Vascular calcification (VC) is prevalent and progressive in renal transplant recipients (RTRs). Recent cross-sectional data suggest that activated Wnt signaling contributes to VC.Objective:
The objective was to investigate whether circulating levels of the Wnt antagonist sclerostin associate with progression of VC.Design:
This was a post hoc analysis of the longitudinal observational Brussels Renal Transplant Cohort study.Setting:
The setting was a tertiary care academic hospital.Patients:
Coronary artery calcification and aorta calcification were measured by multislice spiral computerized tomography in 268 prevalent RTRs (age, 53 ± 13 y; 61% male) at baseline and remeasured in 189 patients after a median follow-up of 4.4 years. Baseline serum sclerostin levels were assessed on stored blood samples. Regression analysis was performed to identify determinants of baseline VC and progression.Main outcome measure:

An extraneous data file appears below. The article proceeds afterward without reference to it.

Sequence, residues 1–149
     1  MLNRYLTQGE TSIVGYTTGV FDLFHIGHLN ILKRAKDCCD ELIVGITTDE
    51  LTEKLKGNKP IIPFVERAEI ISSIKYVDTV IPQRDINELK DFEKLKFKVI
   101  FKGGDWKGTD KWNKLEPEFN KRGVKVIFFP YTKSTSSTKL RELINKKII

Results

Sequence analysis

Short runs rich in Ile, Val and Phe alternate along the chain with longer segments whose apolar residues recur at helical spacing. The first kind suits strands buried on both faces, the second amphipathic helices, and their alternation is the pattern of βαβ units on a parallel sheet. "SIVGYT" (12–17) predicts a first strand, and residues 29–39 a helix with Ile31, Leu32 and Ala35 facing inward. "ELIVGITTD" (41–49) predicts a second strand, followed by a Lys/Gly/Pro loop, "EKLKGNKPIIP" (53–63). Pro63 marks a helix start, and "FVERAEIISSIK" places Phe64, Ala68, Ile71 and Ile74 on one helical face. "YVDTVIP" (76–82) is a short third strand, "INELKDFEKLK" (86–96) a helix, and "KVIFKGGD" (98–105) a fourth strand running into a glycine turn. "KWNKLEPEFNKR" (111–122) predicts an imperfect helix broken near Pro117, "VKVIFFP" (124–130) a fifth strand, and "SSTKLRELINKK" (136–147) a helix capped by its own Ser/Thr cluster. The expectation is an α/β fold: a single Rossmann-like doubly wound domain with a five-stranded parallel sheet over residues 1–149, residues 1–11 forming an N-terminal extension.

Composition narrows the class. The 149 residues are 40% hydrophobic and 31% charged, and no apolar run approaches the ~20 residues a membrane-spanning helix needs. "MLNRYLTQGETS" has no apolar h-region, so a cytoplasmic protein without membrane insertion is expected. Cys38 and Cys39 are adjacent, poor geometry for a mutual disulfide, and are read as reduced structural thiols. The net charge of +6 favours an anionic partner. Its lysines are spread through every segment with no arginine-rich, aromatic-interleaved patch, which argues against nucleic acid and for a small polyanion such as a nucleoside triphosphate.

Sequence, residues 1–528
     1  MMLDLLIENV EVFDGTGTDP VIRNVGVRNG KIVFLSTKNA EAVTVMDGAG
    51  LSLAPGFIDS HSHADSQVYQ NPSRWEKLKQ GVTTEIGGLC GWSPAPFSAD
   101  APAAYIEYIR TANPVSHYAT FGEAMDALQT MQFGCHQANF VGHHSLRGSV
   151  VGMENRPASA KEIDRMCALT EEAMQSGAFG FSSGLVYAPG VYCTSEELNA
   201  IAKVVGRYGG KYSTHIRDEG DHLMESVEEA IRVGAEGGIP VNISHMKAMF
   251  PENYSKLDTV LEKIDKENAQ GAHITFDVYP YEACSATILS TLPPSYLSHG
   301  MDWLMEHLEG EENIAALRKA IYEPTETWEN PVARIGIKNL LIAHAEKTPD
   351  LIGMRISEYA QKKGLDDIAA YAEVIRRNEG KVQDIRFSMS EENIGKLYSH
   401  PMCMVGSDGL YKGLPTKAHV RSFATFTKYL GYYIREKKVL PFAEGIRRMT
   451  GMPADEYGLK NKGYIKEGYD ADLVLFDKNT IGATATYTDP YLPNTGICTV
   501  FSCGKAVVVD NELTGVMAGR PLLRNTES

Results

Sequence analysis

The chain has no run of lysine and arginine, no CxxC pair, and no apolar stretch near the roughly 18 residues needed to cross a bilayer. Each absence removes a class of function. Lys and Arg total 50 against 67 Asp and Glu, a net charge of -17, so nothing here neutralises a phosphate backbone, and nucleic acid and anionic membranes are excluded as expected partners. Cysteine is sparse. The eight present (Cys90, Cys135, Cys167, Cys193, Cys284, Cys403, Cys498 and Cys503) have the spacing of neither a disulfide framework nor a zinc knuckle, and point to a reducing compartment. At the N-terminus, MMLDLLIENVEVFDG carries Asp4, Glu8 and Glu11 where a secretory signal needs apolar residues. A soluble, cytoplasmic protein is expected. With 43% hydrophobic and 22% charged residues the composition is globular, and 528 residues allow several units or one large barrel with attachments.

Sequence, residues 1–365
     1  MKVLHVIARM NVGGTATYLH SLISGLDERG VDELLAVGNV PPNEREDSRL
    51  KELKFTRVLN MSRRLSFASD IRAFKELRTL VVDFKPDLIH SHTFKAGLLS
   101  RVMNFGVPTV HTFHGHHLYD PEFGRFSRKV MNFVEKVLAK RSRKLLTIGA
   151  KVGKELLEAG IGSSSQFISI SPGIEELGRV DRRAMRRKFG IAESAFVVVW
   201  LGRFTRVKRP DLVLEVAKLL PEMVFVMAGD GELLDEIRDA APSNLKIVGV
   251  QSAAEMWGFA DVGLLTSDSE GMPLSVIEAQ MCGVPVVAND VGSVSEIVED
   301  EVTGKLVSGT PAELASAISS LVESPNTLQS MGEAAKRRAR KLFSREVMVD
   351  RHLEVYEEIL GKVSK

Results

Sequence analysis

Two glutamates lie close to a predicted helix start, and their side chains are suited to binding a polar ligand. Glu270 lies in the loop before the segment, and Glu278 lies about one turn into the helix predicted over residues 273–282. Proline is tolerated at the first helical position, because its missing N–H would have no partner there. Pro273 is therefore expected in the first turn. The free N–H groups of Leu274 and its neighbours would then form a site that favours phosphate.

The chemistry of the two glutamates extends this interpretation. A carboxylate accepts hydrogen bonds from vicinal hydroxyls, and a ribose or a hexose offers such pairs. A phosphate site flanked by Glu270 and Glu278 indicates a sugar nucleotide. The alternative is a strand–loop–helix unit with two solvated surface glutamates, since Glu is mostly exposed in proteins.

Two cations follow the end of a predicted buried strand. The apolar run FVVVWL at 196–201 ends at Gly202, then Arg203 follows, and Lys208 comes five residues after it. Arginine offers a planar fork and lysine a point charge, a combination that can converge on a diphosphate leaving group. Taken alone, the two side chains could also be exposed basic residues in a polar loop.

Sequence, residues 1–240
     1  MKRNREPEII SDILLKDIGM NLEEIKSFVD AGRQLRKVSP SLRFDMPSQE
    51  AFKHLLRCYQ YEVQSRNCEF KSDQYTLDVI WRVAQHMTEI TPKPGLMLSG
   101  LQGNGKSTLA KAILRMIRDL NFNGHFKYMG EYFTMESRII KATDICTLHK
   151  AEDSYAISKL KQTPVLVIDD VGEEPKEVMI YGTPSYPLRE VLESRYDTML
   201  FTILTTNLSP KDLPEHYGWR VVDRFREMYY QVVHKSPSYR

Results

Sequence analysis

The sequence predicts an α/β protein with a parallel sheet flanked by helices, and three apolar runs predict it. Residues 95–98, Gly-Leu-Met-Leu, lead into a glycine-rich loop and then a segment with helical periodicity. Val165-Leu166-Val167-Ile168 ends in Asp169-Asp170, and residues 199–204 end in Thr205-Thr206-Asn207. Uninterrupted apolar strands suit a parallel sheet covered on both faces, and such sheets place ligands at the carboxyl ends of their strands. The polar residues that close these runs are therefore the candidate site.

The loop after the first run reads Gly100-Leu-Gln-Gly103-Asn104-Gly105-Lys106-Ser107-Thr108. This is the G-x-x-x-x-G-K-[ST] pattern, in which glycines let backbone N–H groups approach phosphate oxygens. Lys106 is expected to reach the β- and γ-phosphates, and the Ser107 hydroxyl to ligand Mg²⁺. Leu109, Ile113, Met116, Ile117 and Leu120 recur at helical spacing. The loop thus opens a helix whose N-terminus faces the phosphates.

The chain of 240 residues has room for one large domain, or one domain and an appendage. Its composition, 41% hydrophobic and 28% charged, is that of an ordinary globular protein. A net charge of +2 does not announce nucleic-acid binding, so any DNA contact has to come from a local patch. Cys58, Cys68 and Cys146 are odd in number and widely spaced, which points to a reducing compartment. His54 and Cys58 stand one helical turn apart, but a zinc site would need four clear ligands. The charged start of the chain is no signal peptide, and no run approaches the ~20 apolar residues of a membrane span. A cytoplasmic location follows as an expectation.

The main outcome measure was progression of VC.Results:
VC was present in up to 84% of participants at baseline. Almost half of the patients showed progression of VC, according to Hokanson criteria. The cross-sectional analysis at baseline demonstrated a direct association between sclerostin levels and VC score in univariate analysis, which became inverse after adjustment for age, gender and PTH level. Remarkably, a lower sclerostin level was identified as an independent determinant of a higher baseline aorta calcification score in the final regression model. Moreover, baseline sclerostin levels showed an inverse association with VC progression, at least after adjustment for traditional risk factors.Conclusions:
Serum sclerostin levels inversely associated with VC burden and progression in prevalent RTRs after adjustment for traditional risk factors. Our data corroborate previous findings in nontransplanted chronic kidney disease patients and support the notion that sclerostin may be up-regulated in the vascular wall during the VC process as part of a local counterregulatory mechanism directed to suppress VC. Additional clinical and experimental data are required for confirmation.